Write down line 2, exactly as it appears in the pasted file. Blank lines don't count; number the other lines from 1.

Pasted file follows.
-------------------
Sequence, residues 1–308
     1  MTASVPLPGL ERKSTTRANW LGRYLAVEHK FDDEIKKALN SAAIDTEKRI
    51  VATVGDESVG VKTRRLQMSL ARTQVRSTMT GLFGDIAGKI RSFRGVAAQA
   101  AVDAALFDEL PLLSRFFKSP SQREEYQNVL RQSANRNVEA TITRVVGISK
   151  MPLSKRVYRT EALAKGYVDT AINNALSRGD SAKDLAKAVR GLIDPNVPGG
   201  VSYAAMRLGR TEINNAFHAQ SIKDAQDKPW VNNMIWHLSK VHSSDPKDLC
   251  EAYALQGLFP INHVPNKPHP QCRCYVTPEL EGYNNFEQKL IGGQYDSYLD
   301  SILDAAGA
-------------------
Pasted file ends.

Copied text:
     1  MTASVPLPGL ERKSTTRANW LGRYLAVEHK FDDEIKKALN SAAIDTEKRI